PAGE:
Needless to say, Miller overlooks the importance of rights considerations when championing particular policies, as he invokes mere consequentialism when he asserts that states with growing populations ought to legislate birth control measures to constrain unstable population sizes. If it is possible to justify birth control measures on the basis of population stability for the common good, would it be possible to justify forcible organ-harvesting on those very same grounds? Effecting birth control measures may compromise the bodily autonomy of individuals who wish to use their bodies to instantiate child-rearing in a manner tantamount to the forcible harvesting of non-vital organs like kidneys, lung lobes, testicles, and ovaries. Would there be a justification for forcible organ-harvesting were it the case that the prosperity of 99.9 percent of the population would upsurge exponentially if 0.1 percent of the population were stripped of their non-vital organs? Imagine if you were to fall in the 0.1 percent. Would you feel as though you are being slighted by your government when it robs you of your body for the sake of others you may not even know? If you would, this intuition uncovers the basis for the libertarian’s commitment to the inviolability of certain rights, including the property right one has in their own person. If a single person’s body can be used indiscriminately and non-consensually to the end of some other person’s arbitrary amelioration, it seems that person cannot even call his body his. The same could be said when a single person’s reproductive power can be restrained by the state to the end of some other person’s life prospects.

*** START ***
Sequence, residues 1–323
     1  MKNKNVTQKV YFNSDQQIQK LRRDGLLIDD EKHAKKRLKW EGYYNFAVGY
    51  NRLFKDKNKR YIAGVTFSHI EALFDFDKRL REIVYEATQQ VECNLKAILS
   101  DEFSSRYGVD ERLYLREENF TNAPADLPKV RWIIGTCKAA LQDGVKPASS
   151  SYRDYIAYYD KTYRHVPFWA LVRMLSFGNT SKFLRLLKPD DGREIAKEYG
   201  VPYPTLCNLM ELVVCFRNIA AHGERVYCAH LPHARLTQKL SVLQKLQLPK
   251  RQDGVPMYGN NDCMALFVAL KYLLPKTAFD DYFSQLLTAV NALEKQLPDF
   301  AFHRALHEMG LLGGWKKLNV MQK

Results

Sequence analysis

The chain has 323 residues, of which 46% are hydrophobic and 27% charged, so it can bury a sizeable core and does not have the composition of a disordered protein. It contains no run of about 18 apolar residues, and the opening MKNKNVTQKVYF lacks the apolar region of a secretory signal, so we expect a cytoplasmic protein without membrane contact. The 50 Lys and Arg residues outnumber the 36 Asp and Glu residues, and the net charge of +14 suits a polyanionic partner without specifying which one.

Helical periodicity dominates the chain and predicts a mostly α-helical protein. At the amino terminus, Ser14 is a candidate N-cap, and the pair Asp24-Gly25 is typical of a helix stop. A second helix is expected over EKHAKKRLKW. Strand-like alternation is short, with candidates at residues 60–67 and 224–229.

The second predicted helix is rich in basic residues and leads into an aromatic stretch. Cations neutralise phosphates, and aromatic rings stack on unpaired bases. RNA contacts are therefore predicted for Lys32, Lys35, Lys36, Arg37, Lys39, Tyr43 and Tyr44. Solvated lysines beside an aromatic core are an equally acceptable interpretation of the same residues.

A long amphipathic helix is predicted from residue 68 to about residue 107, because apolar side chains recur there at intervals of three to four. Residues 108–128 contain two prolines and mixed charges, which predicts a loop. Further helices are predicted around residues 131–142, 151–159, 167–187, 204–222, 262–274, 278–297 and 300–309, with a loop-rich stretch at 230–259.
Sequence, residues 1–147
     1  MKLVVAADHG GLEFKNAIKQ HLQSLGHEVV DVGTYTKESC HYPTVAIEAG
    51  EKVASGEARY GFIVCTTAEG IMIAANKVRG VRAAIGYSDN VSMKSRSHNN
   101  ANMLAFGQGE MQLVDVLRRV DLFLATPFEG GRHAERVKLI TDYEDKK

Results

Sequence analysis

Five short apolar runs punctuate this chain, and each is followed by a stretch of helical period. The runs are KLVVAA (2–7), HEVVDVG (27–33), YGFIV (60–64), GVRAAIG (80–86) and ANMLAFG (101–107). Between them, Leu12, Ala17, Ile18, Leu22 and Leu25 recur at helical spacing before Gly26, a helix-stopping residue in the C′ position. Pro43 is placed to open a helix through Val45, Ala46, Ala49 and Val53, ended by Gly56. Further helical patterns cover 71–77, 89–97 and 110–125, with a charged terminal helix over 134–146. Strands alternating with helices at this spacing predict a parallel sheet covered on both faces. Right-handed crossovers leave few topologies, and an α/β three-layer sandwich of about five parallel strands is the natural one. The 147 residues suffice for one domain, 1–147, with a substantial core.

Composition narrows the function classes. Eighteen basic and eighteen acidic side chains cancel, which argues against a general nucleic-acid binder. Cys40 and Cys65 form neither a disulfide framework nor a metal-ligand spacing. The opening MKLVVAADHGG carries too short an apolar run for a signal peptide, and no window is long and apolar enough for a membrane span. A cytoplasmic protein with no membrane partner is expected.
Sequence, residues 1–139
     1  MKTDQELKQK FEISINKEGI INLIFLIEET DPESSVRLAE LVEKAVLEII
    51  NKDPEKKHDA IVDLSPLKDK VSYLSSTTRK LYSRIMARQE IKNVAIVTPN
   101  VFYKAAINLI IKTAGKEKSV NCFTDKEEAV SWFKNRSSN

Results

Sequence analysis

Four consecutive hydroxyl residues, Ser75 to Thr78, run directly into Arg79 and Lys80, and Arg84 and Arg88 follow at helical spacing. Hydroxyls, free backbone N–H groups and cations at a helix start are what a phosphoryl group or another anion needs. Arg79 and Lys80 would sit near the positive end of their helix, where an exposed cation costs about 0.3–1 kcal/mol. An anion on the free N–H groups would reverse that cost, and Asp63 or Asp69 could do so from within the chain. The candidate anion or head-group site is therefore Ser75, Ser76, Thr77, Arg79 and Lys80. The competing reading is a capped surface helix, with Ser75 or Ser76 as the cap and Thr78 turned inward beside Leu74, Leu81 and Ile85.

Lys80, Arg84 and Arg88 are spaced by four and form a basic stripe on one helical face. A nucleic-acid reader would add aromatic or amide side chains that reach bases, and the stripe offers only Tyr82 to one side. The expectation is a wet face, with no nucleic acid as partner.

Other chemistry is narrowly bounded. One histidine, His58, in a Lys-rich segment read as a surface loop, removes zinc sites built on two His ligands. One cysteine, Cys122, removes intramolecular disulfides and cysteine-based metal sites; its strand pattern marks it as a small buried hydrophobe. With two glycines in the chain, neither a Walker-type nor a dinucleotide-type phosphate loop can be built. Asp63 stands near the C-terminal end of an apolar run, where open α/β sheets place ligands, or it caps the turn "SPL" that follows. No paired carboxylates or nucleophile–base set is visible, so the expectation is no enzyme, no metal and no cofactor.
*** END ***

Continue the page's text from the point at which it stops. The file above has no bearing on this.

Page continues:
Therefore, people who revere bodily integrity and life for reasons independent of their mere instrumentality in achieving certain unclear, arbitrary ends do not take seriously the type of argument put forth by Miller with regard to restricting immigration for the sake of stabilizing population size alone. If it were truly the case that states would be discouraged from implementing birth control measures because of an open border policy, one may have even more reason to champion such a policy. Unrestrained population size may very well be preferable to the nature of dystopian policies which aim to control population size by stripping individuals of their reproductive rights and subsequently their bodily autonomy altogether.